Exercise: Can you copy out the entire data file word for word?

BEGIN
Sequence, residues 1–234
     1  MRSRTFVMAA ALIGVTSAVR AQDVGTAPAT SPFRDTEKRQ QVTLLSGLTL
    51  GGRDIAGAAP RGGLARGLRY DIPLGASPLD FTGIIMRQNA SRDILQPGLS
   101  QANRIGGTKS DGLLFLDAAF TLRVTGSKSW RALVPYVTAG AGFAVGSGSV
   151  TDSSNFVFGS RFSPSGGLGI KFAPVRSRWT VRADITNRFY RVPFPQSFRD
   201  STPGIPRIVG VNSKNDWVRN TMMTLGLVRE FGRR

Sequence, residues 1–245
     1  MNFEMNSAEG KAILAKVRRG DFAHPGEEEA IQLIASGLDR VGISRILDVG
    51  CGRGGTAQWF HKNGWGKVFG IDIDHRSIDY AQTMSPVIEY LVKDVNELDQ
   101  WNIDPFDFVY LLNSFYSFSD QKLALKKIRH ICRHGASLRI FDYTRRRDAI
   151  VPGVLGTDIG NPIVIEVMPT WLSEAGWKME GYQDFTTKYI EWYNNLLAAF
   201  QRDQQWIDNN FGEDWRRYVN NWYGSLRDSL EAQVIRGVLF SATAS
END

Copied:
Sequence, residues 1–234
     1  MRSRTFVMAA ALIGVTSAVR AQDVGTAPAT SPFRDTEKRQ QVTLLSGLTL
    51  GGRDIAGAAP RGGLARGLRY DIPLGASPLD FTGIIMRQNA SRDILQPGLS
   101  QANRIGGTKS DGLLFLDAAF TLRVTGSKSW RALVPYVTAG AGFAVGSGSV
   151  TDSSNFVFGS RFSPSGGLGI KFAPVRSRWT VRADITNRFY RVPFPQSFRD
   201  STPGIPRIVG VNSKNDWVRN TMMTLGLVRE FGRR

Sequence, residues 1–245
     1  MNFEMNSAEG KAILAKVRRG DFAHPGEEEA IQLIASGLDR VGISRILDVG
    51  CGRGGTAQWF HKNGWGKVFG IDIDHRSIDY AQTMSPVIEY LVKDVNELDQ
   101  WNIDPFDFVY LLNSFYSFSD QKLALKKIRH ICRHGASLRI FDYTRRRDAI
   151  VPGVLGTDIG NPIVIEVMPT WLSEAGWKME GYQDFTTKYI EWYNNLLAAF
   201  QRDQQWIDNN FGEDWRRYVN NWYGSLRDSL EAQVIRGVLF SATAS